Phu Vang is a coastal district in the lower part of the Huong River with a diversity of landscapes: mixed low-lying agricultural land and aquaculture ponds cover the river estuary and part of the above-mentioned Tam Giang-Cau Hai lagoon. Phu Vang is among the most vulnerable districts in the province, bearing the burden of untimely pressure from both the ocean (typhoons, storms, sea level rise and saline intrusion) and the river (flood and drought). The low level of local people’s awareness and their very limited sources of income, along with their unwillingness or inability to resettle, all contribute to the huge loss of human lives and properties in the case of a large storm or flood. In the 1999 flood, 64 households of Hoa Duan village located in the lagoon were washed out to the sea and hundreds of people died or remain missing (Phu Vang DPC, 2006). Since ancient times, Thua Thien Hue Province and the Huong River Basin have been recurrently affected by many types of climate-related disasters such as typhoons, storms, floods, droughts and landslides. Recently, such disasters have increased in both frequency and intensity, causing significant socio-economic turbulence and loss of life, seriously damaging upstream and downstream infrastructure and ecology, impacting on World Heritage Sites and destroying people’s livelihoods and properties (Maarten Scheffers, 2005). Table 1 below summarizes the enormous losses in Thua Thien Hue Province caused by recent severe flooding events in October 1983, September 1990 and November 1999 (DMFSC, 2002; CCFSC, 2006).

Table 1: Flood-related losses in Thua Thien Hue Province, Vietnam

No Losses and Damages Oct 1983 Flood Sept 1990 Flood Nov 1999 Flood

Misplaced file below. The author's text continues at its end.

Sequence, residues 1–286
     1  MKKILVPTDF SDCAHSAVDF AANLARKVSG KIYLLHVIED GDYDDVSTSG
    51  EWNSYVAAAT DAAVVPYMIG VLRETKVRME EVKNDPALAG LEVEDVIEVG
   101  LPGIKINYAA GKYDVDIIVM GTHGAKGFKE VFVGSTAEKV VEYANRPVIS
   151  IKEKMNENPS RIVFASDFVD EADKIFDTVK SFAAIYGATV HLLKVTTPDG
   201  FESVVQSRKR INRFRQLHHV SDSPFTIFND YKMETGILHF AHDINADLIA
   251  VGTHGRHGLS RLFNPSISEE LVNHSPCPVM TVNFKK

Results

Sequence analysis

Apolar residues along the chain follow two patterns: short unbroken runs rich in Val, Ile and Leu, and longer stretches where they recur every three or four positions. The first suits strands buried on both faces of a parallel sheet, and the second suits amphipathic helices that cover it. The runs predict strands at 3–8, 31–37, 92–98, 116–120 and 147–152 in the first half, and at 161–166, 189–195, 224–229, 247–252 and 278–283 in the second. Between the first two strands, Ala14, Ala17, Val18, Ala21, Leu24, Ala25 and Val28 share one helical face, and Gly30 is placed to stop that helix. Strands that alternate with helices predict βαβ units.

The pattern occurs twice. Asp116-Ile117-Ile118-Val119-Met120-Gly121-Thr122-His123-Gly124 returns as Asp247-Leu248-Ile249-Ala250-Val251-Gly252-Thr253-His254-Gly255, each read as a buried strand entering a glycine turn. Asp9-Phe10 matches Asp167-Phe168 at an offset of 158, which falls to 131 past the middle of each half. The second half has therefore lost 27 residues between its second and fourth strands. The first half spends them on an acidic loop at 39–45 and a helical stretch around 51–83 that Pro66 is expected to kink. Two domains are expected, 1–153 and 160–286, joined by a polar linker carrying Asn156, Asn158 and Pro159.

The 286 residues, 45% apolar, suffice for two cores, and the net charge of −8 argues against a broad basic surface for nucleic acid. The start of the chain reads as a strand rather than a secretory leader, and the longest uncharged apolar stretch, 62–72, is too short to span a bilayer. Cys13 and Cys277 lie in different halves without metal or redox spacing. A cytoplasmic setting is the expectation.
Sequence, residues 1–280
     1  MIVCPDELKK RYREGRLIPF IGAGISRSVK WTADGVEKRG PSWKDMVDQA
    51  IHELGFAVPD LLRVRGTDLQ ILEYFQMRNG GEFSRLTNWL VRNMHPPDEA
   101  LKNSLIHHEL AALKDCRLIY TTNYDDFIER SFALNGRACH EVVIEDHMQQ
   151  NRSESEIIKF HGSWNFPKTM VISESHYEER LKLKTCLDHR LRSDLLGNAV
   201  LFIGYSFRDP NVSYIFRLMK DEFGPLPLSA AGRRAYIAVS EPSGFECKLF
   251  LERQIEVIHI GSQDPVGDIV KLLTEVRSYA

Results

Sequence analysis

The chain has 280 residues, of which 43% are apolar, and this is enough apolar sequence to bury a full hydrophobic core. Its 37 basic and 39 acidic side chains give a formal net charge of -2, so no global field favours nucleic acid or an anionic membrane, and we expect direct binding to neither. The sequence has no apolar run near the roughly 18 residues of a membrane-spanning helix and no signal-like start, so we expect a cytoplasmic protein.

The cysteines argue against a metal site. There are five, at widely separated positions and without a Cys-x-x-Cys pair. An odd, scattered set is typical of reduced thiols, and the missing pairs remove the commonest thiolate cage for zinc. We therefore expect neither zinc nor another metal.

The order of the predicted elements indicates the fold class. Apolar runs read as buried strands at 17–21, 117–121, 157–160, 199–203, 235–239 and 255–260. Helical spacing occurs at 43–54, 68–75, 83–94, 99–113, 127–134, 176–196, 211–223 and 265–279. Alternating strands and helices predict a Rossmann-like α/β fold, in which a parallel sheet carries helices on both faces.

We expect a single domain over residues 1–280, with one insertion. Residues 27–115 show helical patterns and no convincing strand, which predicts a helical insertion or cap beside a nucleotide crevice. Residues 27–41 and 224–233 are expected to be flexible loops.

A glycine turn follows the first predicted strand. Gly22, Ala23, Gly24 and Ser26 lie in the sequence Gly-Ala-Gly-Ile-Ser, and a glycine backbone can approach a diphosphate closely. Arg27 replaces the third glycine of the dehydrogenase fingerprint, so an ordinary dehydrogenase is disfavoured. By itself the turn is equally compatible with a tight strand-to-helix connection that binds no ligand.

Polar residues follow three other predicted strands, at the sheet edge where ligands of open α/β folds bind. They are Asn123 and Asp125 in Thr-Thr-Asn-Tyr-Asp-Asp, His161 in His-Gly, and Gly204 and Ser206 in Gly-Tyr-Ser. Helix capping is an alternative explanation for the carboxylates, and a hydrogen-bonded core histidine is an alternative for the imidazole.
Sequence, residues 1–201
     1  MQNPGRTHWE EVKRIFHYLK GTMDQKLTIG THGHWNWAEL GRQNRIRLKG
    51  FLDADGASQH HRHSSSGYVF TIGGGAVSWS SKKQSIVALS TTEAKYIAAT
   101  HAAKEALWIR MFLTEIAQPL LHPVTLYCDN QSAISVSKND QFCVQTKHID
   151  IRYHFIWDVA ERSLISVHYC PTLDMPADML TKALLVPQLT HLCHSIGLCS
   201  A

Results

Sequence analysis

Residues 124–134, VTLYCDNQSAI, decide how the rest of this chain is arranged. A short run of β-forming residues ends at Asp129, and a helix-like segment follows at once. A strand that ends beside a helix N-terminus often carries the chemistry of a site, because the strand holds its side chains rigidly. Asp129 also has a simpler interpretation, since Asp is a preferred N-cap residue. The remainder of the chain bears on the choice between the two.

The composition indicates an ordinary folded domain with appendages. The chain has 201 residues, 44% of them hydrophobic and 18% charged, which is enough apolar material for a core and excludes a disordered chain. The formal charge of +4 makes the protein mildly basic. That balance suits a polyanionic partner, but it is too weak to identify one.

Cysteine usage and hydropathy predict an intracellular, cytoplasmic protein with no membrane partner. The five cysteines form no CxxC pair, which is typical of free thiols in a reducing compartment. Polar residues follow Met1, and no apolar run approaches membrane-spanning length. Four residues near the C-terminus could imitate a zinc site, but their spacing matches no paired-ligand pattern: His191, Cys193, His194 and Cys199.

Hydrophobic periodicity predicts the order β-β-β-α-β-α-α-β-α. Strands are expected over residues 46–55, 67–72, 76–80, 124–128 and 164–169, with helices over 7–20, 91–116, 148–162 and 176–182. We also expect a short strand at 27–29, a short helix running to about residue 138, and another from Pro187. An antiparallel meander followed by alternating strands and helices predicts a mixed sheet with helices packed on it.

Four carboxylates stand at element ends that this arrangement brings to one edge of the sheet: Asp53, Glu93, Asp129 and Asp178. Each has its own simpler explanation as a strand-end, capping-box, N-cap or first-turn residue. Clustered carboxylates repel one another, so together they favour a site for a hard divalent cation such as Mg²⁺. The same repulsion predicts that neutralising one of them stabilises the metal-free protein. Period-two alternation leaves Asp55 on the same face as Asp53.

1 Number of People dead/missing 30 5 127
2 Rice Paddy 6,152ha 7,066ha 28,799ha
Damaged/inundated subsidiary crop area 8,754ha 1,994ha 8,747ha
Damaged industrial crop area 65ha 1,577ha 4,073ha
Fields swept away/filled up 30ha 370ha
3 Infrastructure
Collapsed houses 1,340 735 7,121
Hospitals 52 91 119
Irrigation Structures
Soil swept away 1.24mil. m3 1.29mil. m3
Stone swept away 1,050 m3 1,265 m3
Concrete 340 m3 151 m3
Transport Networks
Soil 821,000 m3 742,000 m3
Concrete 198 m3 285 m3
Damaged bridges 54 55
Electrical cable poles 32 35
4 Other properties
Sunk boats 915
Dead buffaloes/cows 425 heads 270 heads 1,645 heads
Dead domestic animals (others) 170,000 194,210 319,377
Monetary value (with USD approximates) 75 bill. VND (5.6 mill. USD) 120 bill. VND (8 mill. USD) 925 bill. VND (60 mill. USD)

Figure 3: Climate related disasters and environmental change in different parts of the Huong River Basin (Source: Phong Tran et al., 2007)

Hue City and the Huong River are both World Heritage Sites and famous tourist destinations, providing income for an increasing number of local people. Protection and adaptation measures for the Huong River system to help address negative changes are very important economically in the context of the above. To better preserve the world heritage and landscapes of Hue City, adjacent areas and the Huong River, it is not appropriate to build dykes along the river or an embankment system around Hue City and the historical sites, so flooding usually spreads across very large areas. In addition, the topography of the Huong River Basin changes rapidly from the upstream mountainous zone to the plains and large lagoon system, with hardly any transition area, resulting in high runoff/flow in the rainy season and extensive floods and inundations downstream.

During the dry season, the prolonged low rainfall causes salinity to intrude far upstream, badly affecting agriculture, lagoon ecology and aquatic resources. The saline intrusion can reach Bach Ho Bridge, more than 10km from the Huong River estuary, where the intake for Hue City’s water supply system is located. Moreover, the upstream ‘slash and burn’ cultivation practices and rapid deforestation together with the geographical and meteorological characteristics of the basin are causing more erosion, creating increased risk of land slides and flash floods in the mountainous areas (Figure 3).